Still, Moseley’s book is wonderful: quick, smart, and very narrow in its focus. It’s not about managing your time or publishing. It’s about actually going from start to finish with a draft of a novel. A great, reasonable goal. He focuses on the balance between really going for the dream of the story--the deep unconscious thing that makes it work--and discipline. You must, he says over and over, sit down and write daily. You will, he reminds us, neglect other parts of your life. What I love best is how he just affectionately shrugs at the problems that may cause for some of his readers:
I know that this is difficult. Some of you live in tight spaces with loved ones. Some of you work so hard that you can’t see straight half the time. Some of you have little ones who might need your attention at any time of the day or night.
I wish I had the answers to these problems. I don’t.
That seems right and kind to me. The problem of time is one of the big problems of writing, but we each have to solve that problem in our own apartments.

Monday, September 03, 2007


I haven’t yet written anything about London. I’ll try to remedy that this week--it’ll be a nice respite from the dizzying demands of the beginning of school.

After complaining about modern travel, it’s only fair to note that, of my six round-trip flights since April, the flights on Air India from New York to London and back were the two that were almost entirely without incident.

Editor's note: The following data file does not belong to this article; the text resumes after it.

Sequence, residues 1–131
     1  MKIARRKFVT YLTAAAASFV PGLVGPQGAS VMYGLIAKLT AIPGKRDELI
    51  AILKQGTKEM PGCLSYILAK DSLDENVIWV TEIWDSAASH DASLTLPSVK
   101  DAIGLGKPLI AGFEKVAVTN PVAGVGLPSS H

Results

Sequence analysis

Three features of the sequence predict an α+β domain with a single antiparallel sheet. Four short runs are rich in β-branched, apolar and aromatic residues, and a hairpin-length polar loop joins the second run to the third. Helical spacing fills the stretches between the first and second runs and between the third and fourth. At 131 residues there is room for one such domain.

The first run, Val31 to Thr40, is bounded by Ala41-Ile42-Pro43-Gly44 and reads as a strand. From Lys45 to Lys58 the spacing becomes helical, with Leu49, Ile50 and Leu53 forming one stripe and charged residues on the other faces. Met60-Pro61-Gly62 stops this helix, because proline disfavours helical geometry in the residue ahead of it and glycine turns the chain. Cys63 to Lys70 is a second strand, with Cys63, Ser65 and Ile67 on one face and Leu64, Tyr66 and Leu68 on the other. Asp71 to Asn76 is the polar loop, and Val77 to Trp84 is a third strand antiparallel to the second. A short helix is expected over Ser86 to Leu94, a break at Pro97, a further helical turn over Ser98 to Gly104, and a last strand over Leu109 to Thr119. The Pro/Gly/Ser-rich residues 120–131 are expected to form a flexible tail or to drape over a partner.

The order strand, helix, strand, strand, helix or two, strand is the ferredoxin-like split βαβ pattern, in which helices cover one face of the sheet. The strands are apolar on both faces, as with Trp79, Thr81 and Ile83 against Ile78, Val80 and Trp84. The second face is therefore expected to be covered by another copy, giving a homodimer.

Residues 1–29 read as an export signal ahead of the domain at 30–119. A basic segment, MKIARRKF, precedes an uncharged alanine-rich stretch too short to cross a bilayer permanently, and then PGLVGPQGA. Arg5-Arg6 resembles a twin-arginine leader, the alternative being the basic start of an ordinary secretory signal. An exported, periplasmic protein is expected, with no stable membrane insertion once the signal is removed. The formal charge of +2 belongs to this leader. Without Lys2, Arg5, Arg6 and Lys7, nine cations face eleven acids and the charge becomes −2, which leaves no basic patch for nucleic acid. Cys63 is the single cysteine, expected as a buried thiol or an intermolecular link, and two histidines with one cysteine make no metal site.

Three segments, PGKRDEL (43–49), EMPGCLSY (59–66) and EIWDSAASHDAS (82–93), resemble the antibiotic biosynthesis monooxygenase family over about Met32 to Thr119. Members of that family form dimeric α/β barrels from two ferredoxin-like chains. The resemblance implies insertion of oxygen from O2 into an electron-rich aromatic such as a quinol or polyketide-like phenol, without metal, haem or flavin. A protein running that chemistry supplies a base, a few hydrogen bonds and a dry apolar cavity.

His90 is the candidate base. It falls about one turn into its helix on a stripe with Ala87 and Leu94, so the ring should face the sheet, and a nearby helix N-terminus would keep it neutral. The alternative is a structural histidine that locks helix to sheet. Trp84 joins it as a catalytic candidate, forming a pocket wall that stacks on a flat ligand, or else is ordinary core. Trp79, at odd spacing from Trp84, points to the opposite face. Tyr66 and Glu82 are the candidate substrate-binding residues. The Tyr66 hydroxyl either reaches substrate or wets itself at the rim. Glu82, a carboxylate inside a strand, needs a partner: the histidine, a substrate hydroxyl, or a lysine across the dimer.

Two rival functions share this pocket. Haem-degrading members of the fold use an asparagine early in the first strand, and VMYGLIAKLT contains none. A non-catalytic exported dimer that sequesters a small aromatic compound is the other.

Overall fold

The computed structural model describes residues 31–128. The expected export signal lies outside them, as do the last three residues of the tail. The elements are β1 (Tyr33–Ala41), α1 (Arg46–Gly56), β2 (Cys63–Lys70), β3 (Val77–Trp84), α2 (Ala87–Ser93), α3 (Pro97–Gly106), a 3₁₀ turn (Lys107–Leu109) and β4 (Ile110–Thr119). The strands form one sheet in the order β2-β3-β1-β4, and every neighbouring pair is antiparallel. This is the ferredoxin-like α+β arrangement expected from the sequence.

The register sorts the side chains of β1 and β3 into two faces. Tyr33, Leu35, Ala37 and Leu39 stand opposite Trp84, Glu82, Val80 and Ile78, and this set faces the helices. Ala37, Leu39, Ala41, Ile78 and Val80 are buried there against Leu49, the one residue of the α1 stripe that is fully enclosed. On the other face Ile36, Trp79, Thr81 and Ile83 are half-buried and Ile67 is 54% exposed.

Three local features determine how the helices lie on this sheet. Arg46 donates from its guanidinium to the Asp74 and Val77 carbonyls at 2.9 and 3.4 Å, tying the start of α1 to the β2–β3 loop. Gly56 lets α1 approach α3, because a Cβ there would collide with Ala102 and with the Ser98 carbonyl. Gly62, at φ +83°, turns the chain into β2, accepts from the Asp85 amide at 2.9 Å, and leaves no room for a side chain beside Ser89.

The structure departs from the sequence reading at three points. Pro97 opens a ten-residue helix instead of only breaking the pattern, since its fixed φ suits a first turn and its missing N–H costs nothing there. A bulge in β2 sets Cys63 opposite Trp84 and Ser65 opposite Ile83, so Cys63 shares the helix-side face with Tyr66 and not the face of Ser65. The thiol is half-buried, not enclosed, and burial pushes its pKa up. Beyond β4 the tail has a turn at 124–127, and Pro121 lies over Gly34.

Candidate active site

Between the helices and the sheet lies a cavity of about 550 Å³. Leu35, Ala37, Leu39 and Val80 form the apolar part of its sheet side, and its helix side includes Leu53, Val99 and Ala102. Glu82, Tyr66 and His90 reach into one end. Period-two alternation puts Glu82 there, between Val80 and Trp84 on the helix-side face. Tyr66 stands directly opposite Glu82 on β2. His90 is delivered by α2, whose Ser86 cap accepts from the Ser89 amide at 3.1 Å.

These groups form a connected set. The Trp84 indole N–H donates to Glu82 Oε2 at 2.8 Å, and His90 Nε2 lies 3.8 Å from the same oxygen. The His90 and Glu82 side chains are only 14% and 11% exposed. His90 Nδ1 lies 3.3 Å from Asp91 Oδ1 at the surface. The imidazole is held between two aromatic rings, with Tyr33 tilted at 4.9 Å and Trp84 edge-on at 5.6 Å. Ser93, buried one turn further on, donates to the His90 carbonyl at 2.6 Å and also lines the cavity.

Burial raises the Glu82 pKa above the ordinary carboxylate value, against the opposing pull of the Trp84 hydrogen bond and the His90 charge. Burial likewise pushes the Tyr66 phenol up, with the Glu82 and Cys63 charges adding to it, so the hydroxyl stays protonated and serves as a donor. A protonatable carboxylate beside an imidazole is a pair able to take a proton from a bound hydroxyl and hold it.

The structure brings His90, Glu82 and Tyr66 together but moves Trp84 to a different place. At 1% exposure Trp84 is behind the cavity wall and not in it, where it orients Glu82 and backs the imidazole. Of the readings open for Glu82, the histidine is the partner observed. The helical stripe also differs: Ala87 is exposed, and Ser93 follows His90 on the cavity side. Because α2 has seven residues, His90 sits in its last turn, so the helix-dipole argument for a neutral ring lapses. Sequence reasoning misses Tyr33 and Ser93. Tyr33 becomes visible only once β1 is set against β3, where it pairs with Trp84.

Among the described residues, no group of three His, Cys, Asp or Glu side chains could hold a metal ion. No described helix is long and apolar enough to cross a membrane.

I’d never flown Air India before, but I’ll do it again in a minute. The chief steward announced that, once we reached our cruising altitude, the crew would be serving us “a sumptuous dinner.” A phrase worth risking an airline meal for, I think.

It wasn’t quite that--the lamb curry was a touch over-microwaved--but the hot mix was a million times better than pretzels and diner came with yogurt and a yummy milky sweet dessert and really good tea. (Well, the flight continued from London to Mumbai [which, by the way, all of the Indian crew consistently called “Bombay…” C’mon! We’re trying here! It’d be like going to China and having everyone talk about Peking. {Maybe they do…} It’s disconcerting and funny.], so how could they not have good tea?)

The stewardess initially seemed to raise an eyebrow when I requested a beer, but she immediately offered a second and then also insisted I choose some water, too.

The movie was “The Year of the Dog,” an indie film about a woman whose dog dies starring Molly Shannon. It was a downer, but interesting: a good, serious movie. Imagine that.

The documentary feature was on low-cost green architecture in India.

The map charting our progress continually announced: “Physical Features Map Only. NO POLITICAL BOUNDARIES DEPICTED,” which isn’t such an issue crossing the Atlantic, but surely comes into play with that pesky border with Pakistan.

The plane was nearly empty on the way to London, so I had three seats to myself and got some real rest. The quicker-thinking Indian grandmother near me nabbed the middle five--all four feet of her--still, I could kind of lie down and I arrived in London on Sunday morning feeling almost human.

On the way home, the plane was full. I sat with a working mom from Boston and her two-year-old daughter. Father and the older girl were sitting up ahead. They were returning from a month with grandparents back in India and we had a pleasant time commiserating over travel with small children. Hers were lovely.

And the vegetarian dinner was truly sumptuous this time.

Funny to travel to London to look at the manuscript of a novel in which a character returns to London from India and thinks about how much has changed in London since his departure. What would Woolf, what would Peter Walsh, think of me--seventy years on--traveling to London on an Indian jet full of affluent Indians?

Seeing that first class is not in my future, this seems like the way to go: pay $200 less than any American carrier AND get treated like a human being.